Just last week, I wrote about the First DCA oral arguments, presented at the annual FWCI Convention in Orlando.   Specifically,  I focused on the McGraw oral arguments.

McGraw dealt with an E/C wanting an IME without Claimant filing a PFB.  I predicted (or rather hoped) that the Court would rule that an E/C could seek an IME before the filing of a PFB.  This would solve the wink-wink dance that E/C’s have to do to initiate an IME:

“And there is a kabuki style dance we as E/C’s must perform to get our IME if there is no pending PFB.  The most common–and safe–way to do this is the claims professional sends the file to a peer review doctor (usually out of state) and he determines that there is no medically necessity to the treatment the authorized physician recommends or there is over utilization.  This peer review report is not exactly admissible since it is not an authorized doctor.

From there, the E/C denies treatment based on the peer review report.  Then, Claimant files a PFB for benefits.  And, then the E/C can seek an IME.  It all seems pointless, doesn’t it?”
 
I hoped for a better procedure, where the E/C can obtain an IME whenever it disagrees with a doctor’s opinion (like Claimants can) thereby preventing the procedure where Claimant must be cut off.   This tactic would reduce litigation, promote settlement, and at the very least put injured workers on notice of any potential disruption in their benefits. 
Now, the First DCA ruled, in a case other than McGraw, that cutting a Claimant off is the only way an E/C can get an IME.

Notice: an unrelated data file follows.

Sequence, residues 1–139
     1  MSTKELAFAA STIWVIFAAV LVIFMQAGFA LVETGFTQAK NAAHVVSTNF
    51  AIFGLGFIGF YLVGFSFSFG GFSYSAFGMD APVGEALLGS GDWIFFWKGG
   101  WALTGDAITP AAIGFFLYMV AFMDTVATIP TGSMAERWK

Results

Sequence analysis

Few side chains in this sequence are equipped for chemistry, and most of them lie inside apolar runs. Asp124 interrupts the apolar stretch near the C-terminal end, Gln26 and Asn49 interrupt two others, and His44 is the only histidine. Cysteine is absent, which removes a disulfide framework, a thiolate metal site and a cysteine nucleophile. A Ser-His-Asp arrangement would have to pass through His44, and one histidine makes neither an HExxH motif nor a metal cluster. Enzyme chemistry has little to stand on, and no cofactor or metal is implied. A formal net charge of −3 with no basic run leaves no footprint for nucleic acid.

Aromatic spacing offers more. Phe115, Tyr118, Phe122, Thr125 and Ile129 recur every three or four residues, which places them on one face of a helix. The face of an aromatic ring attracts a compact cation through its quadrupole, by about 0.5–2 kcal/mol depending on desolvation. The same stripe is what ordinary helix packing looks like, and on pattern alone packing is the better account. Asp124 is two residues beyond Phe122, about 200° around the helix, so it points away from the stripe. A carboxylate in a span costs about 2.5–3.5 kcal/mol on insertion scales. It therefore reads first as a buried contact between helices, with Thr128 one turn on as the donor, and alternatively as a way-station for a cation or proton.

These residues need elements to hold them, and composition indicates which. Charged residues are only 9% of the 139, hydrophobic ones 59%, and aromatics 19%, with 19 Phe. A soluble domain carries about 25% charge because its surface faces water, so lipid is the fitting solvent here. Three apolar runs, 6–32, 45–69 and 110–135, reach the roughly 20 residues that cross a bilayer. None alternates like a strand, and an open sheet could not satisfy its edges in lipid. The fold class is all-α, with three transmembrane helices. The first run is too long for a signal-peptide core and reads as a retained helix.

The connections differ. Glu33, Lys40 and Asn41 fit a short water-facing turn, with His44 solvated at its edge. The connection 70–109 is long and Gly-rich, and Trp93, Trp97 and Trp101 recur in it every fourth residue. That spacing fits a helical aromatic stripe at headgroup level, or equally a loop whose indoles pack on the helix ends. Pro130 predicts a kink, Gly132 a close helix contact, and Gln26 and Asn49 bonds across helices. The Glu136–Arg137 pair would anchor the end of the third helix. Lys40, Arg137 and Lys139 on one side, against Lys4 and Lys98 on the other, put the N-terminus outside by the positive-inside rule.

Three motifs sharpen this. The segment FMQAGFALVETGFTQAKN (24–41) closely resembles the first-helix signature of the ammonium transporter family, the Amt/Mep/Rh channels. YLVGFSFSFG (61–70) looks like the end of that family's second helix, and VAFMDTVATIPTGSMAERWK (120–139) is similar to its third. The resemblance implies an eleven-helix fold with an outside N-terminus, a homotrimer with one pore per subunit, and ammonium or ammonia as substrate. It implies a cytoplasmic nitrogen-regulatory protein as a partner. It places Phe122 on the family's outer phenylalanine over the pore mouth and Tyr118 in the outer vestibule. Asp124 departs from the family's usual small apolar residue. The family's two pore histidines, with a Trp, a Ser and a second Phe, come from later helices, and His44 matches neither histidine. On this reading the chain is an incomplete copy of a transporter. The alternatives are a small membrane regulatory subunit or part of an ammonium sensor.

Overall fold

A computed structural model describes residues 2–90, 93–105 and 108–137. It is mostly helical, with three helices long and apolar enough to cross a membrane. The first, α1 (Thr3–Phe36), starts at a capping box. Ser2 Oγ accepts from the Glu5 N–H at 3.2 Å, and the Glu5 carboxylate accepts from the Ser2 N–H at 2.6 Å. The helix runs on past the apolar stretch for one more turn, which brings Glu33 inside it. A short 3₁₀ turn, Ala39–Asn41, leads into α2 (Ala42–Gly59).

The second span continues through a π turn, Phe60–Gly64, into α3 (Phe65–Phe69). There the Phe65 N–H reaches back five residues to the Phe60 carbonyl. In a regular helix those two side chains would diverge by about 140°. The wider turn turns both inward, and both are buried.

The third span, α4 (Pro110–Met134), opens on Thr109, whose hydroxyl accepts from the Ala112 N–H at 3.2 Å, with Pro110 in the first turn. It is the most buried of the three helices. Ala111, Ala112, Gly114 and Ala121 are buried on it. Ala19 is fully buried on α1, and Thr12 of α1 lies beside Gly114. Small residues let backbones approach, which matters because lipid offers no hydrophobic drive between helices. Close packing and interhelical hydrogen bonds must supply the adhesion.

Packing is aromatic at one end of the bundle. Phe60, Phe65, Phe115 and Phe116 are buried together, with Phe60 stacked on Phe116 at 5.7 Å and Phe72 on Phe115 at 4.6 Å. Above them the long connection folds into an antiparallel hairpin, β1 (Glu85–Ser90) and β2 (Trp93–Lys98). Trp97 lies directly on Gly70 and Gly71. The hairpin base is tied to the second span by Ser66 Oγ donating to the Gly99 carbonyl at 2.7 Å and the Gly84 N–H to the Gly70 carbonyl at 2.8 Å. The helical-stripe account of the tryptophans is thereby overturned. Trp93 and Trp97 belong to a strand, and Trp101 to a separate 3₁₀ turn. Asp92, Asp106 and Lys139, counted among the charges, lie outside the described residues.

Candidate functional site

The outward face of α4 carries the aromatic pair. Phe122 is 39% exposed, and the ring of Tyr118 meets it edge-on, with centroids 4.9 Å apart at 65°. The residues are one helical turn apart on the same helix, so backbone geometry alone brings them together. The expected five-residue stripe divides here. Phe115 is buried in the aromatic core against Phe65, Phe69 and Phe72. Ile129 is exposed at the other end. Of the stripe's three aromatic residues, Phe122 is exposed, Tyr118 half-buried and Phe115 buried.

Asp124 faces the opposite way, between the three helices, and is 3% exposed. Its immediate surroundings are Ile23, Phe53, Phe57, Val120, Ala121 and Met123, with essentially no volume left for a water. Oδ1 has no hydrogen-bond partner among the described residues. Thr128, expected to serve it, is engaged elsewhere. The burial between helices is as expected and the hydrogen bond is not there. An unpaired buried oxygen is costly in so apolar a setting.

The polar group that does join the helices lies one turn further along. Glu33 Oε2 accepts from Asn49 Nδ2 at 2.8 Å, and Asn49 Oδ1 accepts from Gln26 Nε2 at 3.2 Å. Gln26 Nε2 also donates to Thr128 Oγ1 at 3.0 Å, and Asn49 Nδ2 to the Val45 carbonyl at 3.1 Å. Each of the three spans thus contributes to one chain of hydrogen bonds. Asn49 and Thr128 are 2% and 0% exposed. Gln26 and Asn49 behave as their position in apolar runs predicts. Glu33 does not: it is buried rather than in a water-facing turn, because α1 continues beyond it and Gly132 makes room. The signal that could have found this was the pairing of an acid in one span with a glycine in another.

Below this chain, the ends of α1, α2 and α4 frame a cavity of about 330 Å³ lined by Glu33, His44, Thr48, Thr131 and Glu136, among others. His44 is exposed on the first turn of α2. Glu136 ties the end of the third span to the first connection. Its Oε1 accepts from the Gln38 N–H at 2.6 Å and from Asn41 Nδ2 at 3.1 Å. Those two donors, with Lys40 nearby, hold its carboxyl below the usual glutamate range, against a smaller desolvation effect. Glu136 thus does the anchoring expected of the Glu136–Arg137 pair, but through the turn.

Huh?

In Lehoullier v. Gevity, Claimant suffered a compensable accident.  After a mediation, where there parties resolved all of the pending PFB’s, the E/C motioned the Judge for to compel Claimant to attend an IME.  The reason? The E/C became concerned over Claimant’s psychiatric condition and the longevity of his medical care.

Claimant argued that there was no “dispute”, per s. 440.13(5)(a), between the parties since they just resolved all of their claims at mediation and there were no pending PFB’s.   The Judge disagreed and granted the IME since the E/C has a right under s. 440.13(2)(d) to transfer care if Claimant is not making appropriate progress.

On appeal, the First DCA reversed, noting that the “dispute” is created when either the E/C denies a claim for benefits or when a Claimant disagrees with an opinion of an E/C authorized doctor.  An E/C cannot unilaterally declare a dispute just because it does not think Claimant is making enough progress.

For an E/C to invoke s. 440.13(2)(d), it must first have a dispute.  So, basically the Court is saying an E/C must dance the dance and cut Claimant off before it can get an IME that finds Claimant is not making appropriate progress.  Simply having “unilateral speculative concerns” about Claimant’s progress is not enough.

This may be a solution only the Legislature can devise, but I would think this just perpetuates continued litigation.  A dispute can be a “unilateral” concern.  A dispute is not always a two way street.  And, if the E/C suspects that a doctor is over utilizing  or Claimant is not making appropriate progress, how else is the E/C going to find out?   Cutting of a Claimant just to get a PFB and then issue a denial is not exactly efficient or practical.

Unless the First DCA finds a new fact wrinkle in the McGraw case, I suspect this is it for pre-PFB IME’s.   So, the Kabuki theatrics will continue.

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